New research suggests that high-deductible health plans could encourage patients across all income levels to cut back on needed care.
High-deductible health plans have been shown to reduce consumer spending, and have been touted by HHS Secretary Tom Price. During a congressional hearing last month, Price said high-deductible or "catastrophic" plans are a big component of what should replace the Affordable Care Act (ACA). He added that health savings accounts and high-deductible catastrophic coverage "make a whole lot of sense for many individuals."
Such plans are growing more popular. According to Paul Fronstin, director of the health research and education program at the Employee Benefit Research Institute, about 25 percent of employees currently have health plans with a deductible of $1,000 or more, which is up from 4 percent a decade ago. High-deductible plans are also popular on the ACA's insurance exchanges, the Washington Post reports.
However, Marketplace reports, a new consensus is forming among health care researchers that while high-deductible plans with lower premiums could be a good option for people who are typically healthy, they can be disastrous for those who are sick or have low incomes.
According to Amitabh Chandra, an economist and health care researcher at Harvard University, high-deductible plans drive patients to shop for treatments, generally without information on price and quality. "Simply calling the patient a consumer doesn't make buying health care anything like buying cars and computers," she said.
Further, Chandra's research has demonstrated that even individuals with higher incomes do not always shop efficiently for health care. "Prevention, imaging, or drugs—consumers were cutting back on all those. And that's a sign they don't really know what care is valuable and what care isn't valuable," she said. Moreover, Chandra said there was "no evidence that consumers were learning to price-shop after two years of high-deductible coverage."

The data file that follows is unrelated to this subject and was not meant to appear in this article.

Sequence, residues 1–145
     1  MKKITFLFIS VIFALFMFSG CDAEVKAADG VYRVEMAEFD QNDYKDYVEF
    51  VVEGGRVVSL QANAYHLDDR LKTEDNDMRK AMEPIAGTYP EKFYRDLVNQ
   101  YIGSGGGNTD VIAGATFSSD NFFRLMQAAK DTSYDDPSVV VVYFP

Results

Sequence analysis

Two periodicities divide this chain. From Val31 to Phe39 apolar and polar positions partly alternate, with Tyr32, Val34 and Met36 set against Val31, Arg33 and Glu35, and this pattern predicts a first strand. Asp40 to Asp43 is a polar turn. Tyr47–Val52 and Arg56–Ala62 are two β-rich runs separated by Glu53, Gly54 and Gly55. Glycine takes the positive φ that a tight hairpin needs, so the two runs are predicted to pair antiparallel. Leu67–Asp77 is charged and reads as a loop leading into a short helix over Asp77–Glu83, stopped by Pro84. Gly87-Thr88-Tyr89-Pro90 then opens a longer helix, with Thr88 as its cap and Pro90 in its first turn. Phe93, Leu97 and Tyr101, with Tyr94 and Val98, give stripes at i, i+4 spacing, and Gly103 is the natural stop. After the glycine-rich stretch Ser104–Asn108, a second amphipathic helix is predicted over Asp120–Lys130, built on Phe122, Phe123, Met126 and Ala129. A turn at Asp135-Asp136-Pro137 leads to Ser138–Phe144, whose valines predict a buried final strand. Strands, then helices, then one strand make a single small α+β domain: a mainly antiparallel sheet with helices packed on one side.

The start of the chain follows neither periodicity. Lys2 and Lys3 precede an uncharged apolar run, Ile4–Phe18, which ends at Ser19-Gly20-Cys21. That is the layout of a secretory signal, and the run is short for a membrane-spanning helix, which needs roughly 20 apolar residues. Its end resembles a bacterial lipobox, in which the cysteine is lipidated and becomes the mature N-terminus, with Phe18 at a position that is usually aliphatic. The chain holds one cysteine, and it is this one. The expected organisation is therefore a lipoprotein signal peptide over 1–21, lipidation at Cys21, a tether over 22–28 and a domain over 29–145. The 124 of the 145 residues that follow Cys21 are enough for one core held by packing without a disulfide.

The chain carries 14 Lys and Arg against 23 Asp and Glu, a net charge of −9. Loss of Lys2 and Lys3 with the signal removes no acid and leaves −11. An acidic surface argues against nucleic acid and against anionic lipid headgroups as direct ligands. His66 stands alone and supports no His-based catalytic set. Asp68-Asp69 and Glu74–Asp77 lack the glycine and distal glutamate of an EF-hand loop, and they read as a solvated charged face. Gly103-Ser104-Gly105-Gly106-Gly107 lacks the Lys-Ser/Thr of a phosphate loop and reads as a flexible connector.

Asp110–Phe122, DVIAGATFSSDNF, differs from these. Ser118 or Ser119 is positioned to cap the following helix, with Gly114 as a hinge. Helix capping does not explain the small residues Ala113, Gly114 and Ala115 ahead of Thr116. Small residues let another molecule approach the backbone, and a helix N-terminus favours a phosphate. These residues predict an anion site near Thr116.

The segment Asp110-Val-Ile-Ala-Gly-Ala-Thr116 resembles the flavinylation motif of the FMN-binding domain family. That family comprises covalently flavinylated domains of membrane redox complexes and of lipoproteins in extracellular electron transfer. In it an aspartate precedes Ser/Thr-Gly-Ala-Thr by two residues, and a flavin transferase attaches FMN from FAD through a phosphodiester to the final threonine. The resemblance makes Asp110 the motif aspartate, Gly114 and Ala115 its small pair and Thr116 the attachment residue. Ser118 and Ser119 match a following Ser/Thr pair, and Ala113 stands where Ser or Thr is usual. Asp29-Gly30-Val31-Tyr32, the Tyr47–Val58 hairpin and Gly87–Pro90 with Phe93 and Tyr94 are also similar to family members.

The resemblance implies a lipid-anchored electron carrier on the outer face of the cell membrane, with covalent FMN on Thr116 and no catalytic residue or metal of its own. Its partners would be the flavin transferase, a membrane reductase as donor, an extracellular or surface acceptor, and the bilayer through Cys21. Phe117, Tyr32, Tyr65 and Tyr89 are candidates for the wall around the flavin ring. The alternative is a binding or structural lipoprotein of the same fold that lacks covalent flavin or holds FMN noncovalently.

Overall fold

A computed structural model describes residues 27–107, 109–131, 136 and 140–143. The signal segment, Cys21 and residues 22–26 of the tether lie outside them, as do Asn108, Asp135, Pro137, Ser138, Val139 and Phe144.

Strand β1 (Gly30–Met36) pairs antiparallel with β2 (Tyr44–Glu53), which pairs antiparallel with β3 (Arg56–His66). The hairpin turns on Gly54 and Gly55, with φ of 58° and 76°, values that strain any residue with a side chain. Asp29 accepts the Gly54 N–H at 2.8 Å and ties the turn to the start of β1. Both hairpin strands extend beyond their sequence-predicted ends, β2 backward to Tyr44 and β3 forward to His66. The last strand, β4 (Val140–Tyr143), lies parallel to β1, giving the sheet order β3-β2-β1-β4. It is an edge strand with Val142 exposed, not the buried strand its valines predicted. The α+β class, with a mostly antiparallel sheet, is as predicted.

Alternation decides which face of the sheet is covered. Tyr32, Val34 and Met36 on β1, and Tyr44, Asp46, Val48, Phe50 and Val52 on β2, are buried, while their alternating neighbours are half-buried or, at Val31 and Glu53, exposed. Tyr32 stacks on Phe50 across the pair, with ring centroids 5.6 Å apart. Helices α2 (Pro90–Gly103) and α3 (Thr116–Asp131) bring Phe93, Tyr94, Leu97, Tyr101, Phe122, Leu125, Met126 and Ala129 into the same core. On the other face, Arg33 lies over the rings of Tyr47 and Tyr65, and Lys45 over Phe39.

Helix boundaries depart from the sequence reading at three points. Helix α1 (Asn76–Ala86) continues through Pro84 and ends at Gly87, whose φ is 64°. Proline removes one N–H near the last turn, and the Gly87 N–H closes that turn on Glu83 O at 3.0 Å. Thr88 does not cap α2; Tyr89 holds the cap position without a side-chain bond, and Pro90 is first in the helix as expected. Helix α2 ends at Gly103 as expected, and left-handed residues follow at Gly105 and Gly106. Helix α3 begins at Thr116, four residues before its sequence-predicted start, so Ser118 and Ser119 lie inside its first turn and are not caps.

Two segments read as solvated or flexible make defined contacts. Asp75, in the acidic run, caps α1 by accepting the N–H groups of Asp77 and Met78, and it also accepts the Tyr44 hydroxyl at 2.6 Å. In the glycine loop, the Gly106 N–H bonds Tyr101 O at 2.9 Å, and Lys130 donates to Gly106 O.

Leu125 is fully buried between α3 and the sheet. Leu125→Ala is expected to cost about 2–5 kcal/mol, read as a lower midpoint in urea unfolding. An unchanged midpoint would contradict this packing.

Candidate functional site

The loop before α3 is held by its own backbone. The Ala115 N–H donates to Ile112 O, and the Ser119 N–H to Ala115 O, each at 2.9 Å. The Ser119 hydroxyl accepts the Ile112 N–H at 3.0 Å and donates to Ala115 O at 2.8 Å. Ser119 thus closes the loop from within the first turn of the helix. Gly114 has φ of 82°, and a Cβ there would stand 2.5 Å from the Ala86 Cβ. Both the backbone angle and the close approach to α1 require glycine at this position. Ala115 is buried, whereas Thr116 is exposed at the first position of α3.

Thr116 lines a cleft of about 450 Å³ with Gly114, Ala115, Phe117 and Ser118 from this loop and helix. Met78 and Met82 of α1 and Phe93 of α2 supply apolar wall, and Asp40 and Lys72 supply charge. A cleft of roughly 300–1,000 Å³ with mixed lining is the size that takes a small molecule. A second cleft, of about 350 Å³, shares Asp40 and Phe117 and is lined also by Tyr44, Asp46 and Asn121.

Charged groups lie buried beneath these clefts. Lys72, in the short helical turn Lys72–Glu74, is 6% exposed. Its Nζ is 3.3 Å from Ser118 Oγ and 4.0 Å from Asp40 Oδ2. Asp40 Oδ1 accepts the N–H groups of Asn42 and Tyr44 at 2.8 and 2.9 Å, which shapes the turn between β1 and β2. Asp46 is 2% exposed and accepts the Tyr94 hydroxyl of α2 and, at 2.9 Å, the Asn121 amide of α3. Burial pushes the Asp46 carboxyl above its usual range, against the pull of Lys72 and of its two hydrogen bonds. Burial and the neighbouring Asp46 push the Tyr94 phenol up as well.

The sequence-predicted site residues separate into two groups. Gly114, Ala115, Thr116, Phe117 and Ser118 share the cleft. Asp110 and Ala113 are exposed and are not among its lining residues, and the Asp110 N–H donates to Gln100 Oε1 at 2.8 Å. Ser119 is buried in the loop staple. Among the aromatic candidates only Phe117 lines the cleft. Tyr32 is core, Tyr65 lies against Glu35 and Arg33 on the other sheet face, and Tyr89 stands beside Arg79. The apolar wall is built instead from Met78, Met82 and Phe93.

More broadly, according to the Post, research going back to the 1970s shows that "when consumers must spend a big chunk of their own money on their care, they can cut back by as much as 15 percent."
A doctor's experience
To see how high-deductible plans worked in practice, Ashish Jha, a physician and health policy professor at Harvard, enrolled his family in one—and learned three key lessons:
- First, although the plan's high deductible did prompt him to shop for health care based on cost, doing so was difficult in practice, Jha wrote in an essay for STAT News. "My insurance company's online tool was hard to use and, even as a physician, I could almost never guess what sets of services a visit to the doctor might generate," he wrote, adding that the tool also did not include any useful quality information.
- "The second lesson was that being a health care consumer is stressful, at least the way the system is currently set up," Jha writes. For instance, Jha explained that he has heart condition that occasionally causes his heartbeat to spike. He experienced an unusually long episode recently—putting him at risk of a heart attack—but he decided not to go the ED because the visit would have cost at least $2,000 and Jha's family plan had a $6,000 spending cap before coverage took effect. Jha was fine, but he acknowledged that he would have advised a patient in the same situation to go to the ED.
- And that's the third lesson, "the lesson of what didn't happen—I didn't really have a choice of where to go for treatment," Jha wrote. He explained that his choices were either to forgo care or go the ED, which is typically quite costly, and that a lower-cost alternative would have enabled him to readily seek care. "All I really needed was a place that had a heart monitor and that stocked common, inexpensive rhythm-restoring heart medicines," he wrote, adding that the "real cost" of such treatments should have been between $200 and $300. But because there was no such option, Jha didn't seek treatment.
Jha's "major takeaway" from his experience is that "simply asking people to pay out of pocket for their health care doesn't create a health care marketplace." Doing so, according to Jha, will involve creating new care delivery models and loosening scope of practice regulations so that providers such as nurses can play a larger role in providing care. There also must be expanded access to cost and quality information, he added.
"If we continue with high-deductible health plans the way they exist today...at best, we'll have a health care system that might save a little money—but at the risk of harming the health of our citizens," Jha concludes (Gorenstein, Marketplace, 1/18; Jha, STAT News, 2/6; Gorenstein, Washington Post, 2/7).
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